I was going to do it. I really, really was. Last night was the night I was going to buy, render unconscious and cook the flavour of the month: shanghai hairy crabs. These burrowing crabs, also known as mitten crabs, are so named for their furry claws that look like mittens. Come Autumn, these crabs hit the streets. Not in their finest gear, ready to party the night away, but fighting for space in green nylon bags in every smelly wet market and on various street corners throughout the city. People get totally crab bedonderd round about now. And naturally, I had to partake in the festivities! Live like the natives and all. So yesterday, full of bravado, I headed for the wet market ready to hunt down and bring home all the makings of a fine Shanghai meal. Well. If the first thing out of your mouth when you see your dinner is “Awwwwwww”, you know it’s probably going to be McDonald’s for you. I mean, they’re just so cute! They really look like little green alien babies, trying to keep their claws warm in little furry mittens. Once a crab has the dubious honour of being selected as chow, the stall (2 polystyrene coolers and maybe a scale) holder deftly grabs it out of the bag, folds in the legs and binds the whole thing with twine so that it can’t make a quick getaway. The entire process takes all of 5 seconds. I asked the friendly, elegantly dressed customer next to me how much they cost and she said RMB6 for one. (At least, I think that’s what she said? It was either that or “Sharp, my bru”, the hand signal for which is the same as 6 in China). That’s less than a dollar a crab. Damn, that’s cheap! They’re looking tastier already. And a local had told me the price, so there would be no laowai tax imposed. Being ripped off was another concern. (I am the world’s worst haggler. Once, in a market in Bangkok, I had already “negotiated” the price for a dress and upon handing the money over, the guy actually gave me a few baht back with a pitying look on his face!). But that was now taken care of. There really were no more excuses left, so it was time to choose which crabs I wanted. Now, here stories will differ depending on who you ask. The other customer would say it is all my imagination and she didn’t see a thing, but I swear, the first crab I picked up looked up at me with dark, sad eyes (just like Puss-in-Boots if his eyes had been on stalks), and it’s lower lip started quivering, tiny bubbles frothing out of it’s mouth like a death rattle. A tiny, furry claw reached out to me as if to gently touch my cheek, and I swear I could hear a little chorus of voices pleading “You are our only hope.” I gently placed the crab back where I found it, muttered something about it still being a long way to Qingpu, and shuffled off with my tail between my legs.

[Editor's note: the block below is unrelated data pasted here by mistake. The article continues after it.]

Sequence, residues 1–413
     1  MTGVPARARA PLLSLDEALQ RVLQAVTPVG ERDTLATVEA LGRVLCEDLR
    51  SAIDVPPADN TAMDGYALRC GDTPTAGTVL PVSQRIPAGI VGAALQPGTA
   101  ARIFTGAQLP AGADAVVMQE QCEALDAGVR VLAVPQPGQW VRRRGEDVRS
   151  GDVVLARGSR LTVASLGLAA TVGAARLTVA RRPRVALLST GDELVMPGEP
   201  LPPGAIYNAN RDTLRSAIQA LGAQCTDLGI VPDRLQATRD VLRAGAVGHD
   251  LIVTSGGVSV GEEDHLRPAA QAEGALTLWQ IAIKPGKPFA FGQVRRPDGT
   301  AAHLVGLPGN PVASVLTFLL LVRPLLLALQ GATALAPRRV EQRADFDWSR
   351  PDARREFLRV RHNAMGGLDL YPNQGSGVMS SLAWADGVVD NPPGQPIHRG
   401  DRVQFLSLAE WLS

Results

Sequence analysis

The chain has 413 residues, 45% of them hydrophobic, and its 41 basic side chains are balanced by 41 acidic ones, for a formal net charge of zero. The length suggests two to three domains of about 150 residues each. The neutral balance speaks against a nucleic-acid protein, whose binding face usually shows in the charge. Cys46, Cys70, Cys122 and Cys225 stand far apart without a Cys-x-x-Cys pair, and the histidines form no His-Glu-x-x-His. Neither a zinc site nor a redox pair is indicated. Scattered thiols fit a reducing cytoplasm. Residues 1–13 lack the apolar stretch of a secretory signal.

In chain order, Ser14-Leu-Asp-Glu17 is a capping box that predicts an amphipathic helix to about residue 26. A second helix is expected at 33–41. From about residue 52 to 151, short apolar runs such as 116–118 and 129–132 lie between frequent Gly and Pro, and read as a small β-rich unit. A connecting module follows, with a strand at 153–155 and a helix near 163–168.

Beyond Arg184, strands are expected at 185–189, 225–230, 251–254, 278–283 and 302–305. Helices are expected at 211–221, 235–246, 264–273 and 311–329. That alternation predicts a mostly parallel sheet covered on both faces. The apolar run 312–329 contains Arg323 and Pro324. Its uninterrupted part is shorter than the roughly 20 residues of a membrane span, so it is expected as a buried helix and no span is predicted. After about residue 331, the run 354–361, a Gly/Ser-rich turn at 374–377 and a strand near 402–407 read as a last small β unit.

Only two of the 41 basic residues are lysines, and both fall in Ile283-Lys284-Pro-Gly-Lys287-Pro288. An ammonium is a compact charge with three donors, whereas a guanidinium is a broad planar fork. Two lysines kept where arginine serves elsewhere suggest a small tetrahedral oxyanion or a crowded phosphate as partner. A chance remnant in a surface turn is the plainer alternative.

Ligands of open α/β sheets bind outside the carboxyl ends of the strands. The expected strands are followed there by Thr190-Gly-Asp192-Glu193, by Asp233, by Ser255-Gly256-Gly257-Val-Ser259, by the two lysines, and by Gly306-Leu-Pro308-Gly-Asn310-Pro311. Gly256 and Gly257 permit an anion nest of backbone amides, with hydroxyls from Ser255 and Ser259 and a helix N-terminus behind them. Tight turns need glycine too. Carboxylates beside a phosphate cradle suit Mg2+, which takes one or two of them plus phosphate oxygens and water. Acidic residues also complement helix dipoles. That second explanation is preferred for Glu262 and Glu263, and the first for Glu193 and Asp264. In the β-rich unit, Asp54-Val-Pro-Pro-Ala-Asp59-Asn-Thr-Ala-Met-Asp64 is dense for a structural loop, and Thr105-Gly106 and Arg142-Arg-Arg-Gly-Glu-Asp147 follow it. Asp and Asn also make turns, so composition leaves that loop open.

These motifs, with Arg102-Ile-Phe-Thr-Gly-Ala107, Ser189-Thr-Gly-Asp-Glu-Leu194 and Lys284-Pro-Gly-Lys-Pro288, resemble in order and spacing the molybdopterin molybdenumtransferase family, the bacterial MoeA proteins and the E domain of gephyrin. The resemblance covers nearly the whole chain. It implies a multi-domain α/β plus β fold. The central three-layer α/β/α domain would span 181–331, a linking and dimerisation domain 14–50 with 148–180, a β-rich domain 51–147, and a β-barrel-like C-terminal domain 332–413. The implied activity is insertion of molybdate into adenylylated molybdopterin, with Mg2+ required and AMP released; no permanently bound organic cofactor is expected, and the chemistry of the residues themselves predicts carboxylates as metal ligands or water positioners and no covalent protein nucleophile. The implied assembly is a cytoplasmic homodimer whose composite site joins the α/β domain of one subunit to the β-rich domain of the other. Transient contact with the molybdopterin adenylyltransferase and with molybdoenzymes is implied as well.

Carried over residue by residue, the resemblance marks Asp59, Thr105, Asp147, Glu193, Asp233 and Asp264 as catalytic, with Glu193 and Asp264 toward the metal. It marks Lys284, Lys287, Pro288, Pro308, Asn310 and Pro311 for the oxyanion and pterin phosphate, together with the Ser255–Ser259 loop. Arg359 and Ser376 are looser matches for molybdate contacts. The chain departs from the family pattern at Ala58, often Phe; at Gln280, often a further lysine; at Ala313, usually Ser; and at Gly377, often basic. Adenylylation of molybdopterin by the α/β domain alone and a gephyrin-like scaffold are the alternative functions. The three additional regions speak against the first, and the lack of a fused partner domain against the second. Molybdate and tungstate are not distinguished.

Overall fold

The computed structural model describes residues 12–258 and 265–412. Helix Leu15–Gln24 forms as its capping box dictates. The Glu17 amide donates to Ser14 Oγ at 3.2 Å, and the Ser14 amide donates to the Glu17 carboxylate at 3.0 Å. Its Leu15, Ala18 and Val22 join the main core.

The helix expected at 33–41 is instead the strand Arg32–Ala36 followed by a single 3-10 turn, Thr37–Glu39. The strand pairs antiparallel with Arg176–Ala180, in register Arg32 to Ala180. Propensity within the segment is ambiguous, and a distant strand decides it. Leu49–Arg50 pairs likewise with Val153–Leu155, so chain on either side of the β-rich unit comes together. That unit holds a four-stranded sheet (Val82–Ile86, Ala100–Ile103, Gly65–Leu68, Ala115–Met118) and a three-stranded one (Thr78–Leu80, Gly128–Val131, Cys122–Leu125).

Fortunately, there’s a McDonald’s right at the bus stop on my way home.
But no worries! I awoke with new gusto this morning. A steadfast determination to make these crabs my bitch. The way I figured it was thus: The sooner I ensure the untimely demise of 6 of these crustaceans, the sooner I will be relieving them of their misery. Right? I mean, at least they won’t land up in a live hairy crab vending machine, destined to wait it out in a 5 degree fridge till someone with a few yuan comes along and pulls the lever, right? Right. This would be a good thing. I would be doing my share to make the world a better place. I decided that instead of braving the sad faces in the wet market, I would head to my nearest supermarket. Here the crab is kept cold, so they’re already in a state of semi-hibernation, and so would be less likely to make a last stand. Sure enough, hairy crab was the first thing I saw as I got to the fish counter. (It was also almost four times the price for the same size as the previous day’s leading me to wonder whether the helpful shopper really was just saying “Sharp my bru.”). Already trussed up and nestled in still rows on a bed of ice, it was easy to tell myself they were already dead. All I had to do was see who the little boys are and who the little girls are to ensure I get three of each. You see, the battle of the crab sexes is a hotly debated topic in Shanghai, with long arguments over decimated piles of crab over which sex has the sweetest meat and richest roe. The females usually win out, but I had to try for myself. So, all self congratulatory because I know to look for these differences before making my purchase, I picked up a crab and flipped it over… The crab was not dead. It was not even sleeping. Two little black eyes stared up at me as a wayward leg came loose from the twine. Flailing it’s furry mitten around wildly the little chap (or chick, I didn’t even get a chance to look) shouted “She’s saved me! I’m free!” before it tried to air swim away. Okay, not really. But it might as well have for how it made me feel like I’m the world’s worst human being, single-handedly responsible for the sad depletion of our oceans. I tucked the little leg back in the twine, put him back on his ice bed while muttering an apology to him, his brethren and their lady friends, and slunk off to the butchery.
So I am left shamefacedly writing this post, drowning my sorrows in a glass of whiskey while my husband cooks the neatly packaged pork rashers I bought as a substitute. I guess drunken shrimp is off the menu then.